To be honest, though, if it had just been a generalization, I probably would have passed over it. I’ve learned to pick my fights over the years, and in any case, I can entertain another person’s opinion without necessarily holding it true myself. What really baffles me here, is the outright anger this man displayed. I feel, in this case, that anger is just a way to mask a fundamental lack of knowledge on the subject. After all, if he is so up in arms about it, he must have good reason, right? This is our cultural hive mind at its best… and it’s ridiculous.

When you get right down to it, this person has probably met several vegans who never came out and said they were vegans. Maybe he got on with them, maybe he didn’t, but in the end it had nothing to do with whether or not they ate meat. Why? Because he didn’t know it about them. Just as your gay friend Charlie shouldn’t be referred to as your “gay friend Charlie”, because maybe Charlie has something far more interesting and relevant to his personality to be described as, vegans shouldn’t be defined by their diet. Their diet of all things. That someone could possibly get so heated over what someone is putting in their mouths during snack time, is bordering on comical.

Having said that, since I am a fairly reasonable person, I do understand that vegans can be preachy and annoying. I understand that PETA has done almost everything it can to ruin the face of veganism for most people… But honestly, it’s just like any other stereotype. There will be those among us who fit the bill of any stereotype you can name, and when you’re looking for it you’re going to find it. Confirmation bias is a real thing, and a big problem. If you are already inclined to believe something (say, for instance, that vegansim is a cult just because it’s something you don’t happen to understand for yourself), then any source of proof you get that can serve to solidify your opinion will serve to solidify your opinion. Never mind the quiet vegan who just wants to have a damn salad for lunch, and be done with it. That person can be easily ignored. Just like every time it doesn’t rain after you’ve just washed your car can be ignored in favor of lamenting over the one or two days it does, just so that you can cry, “Why does this always happen to me?!”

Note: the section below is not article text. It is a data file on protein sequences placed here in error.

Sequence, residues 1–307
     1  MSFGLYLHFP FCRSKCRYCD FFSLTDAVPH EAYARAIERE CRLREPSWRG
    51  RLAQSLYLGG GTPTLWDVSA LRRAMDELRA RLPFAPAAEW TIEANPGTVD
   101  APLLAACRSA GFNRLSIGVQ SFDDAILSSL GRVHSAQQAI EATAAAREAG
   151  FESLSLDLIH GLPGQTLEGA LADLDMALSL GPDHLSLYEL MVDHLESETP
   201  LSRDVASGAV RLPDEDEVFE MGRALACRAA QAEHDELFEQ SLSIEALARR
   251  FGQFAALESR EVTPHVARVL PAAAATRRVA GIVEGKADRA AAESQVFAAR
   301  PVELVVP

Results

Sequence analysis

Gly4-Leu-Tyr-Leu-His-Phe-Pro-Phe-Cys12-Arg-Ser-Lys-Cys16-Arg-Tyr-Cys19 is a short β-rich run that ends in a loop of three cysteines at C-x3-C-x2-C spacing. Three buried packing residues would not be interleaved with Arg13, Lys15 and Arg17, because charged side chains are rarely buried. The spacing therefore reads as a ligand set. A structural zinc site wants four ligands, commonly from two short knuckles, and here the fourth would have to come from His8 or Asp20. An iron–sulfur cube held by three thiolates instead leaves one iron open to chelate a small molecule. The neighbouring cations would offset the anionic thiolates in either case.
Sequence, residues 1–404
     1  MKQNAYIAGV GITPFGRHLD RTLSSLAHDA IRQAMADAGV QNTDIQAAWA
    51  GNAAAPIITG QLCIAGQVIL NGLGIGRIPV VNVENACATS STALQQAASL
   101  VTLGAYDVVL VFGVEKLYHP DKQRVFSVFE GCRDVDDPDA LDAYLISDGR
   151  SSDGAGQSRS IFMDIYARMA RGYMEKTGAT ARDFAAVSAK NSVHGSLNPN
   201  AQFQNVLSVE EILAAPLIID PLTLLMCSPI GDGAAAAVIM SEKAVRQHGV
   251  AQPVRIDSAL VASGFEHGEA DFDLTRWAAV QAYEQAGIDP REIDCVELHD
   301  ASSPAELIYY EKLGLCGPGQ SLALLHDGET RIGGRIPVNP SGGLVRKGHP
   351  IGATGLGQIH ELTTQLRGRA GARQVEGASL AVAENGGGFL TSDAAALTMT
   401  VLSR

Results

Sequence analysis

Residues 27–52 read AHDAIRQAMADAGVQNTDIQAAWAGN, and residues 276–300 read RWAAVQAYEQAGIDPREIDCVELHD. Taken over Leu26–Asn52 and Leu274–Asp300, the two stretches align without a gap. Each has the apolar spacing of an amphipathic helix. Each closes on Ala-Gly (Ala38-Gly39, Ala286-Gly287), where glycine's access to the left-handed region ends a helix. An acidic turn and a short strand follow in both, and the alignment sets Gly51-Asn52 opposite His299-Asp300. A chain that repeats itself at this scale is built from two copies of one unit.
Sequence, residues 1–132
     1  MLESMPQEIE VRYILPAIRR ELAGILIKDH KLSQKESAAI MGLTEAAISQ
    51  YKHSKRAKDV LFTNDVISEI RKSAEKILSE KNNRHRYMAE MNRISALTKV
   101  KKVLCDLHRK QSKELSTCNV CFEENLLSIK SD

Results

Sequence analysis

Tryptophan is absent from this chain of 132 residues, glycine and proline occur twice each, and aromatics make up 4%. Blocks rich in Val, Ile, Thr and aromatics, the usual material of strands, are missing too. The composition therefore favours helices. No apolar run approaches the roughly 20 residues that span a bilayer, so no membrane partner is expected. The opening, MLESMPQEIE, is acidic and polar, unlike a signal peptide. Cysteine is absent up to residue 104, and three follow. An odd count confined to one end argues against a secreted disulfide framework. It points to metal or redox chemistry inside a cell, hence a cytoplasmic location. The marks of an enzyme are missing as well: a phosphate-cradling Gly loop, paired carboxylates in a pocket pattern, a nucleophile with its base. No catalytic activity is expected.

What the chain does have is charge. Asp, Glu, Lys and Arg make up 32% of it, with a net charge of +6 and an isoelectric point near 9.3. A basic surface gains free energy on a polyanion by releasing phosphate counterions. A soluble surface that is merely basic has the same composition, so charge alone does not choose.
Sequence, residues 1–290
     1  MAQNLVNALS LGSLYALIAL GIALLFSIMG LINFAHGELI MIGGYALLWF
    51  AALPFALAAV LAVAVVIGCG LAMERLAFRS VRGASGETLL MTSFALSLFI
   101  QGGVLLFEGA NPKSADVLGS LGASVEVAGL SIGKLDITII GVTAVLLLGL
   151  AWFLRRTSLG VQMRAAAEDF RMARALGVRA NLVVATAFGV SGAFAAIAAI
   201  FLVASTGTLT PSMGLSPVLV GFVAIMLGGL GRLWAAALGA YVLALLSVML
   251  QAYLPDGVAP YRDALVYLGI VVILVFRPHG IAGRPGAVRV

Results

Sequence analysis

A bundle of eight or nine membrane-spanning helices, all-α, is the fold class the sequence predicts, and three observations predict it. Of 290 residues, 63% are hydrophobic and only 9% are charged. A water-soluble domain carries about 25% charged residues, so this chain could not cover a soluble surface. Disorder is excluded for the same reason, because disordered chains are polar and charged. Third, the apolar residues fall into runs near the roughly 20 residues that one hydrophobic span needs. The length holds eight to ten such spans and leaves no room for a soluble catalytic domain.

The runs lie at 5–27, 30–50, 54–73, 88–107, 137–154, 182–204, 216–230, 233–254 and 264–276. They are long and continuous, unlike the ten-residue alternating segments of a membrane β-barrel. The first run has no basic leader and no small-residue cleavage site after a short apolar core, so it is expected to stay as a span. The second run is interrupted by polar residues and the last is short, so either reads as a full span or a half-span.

But… it doesn’t always happen to you. It sometimes happens to everyone.

Most everyone has enough on their plate to worry about without also worrying about… well, what’s on someone’s plate. Do we really need one more reason to divide people? With such heated topics as religion, politics, and musical preferences, there are plenty of things already seeing to it that no one will ever settle down and see eye to eye on anything. If you really stop to think about it, though, I think any intelligent person can see that a difference in opinion is no reason to vilify a person or group of people.

I mean, unless you think coffee is better than tea. In that case you are evil and contributing largely to the downfall of society.

I’m mostly kidding about that last part.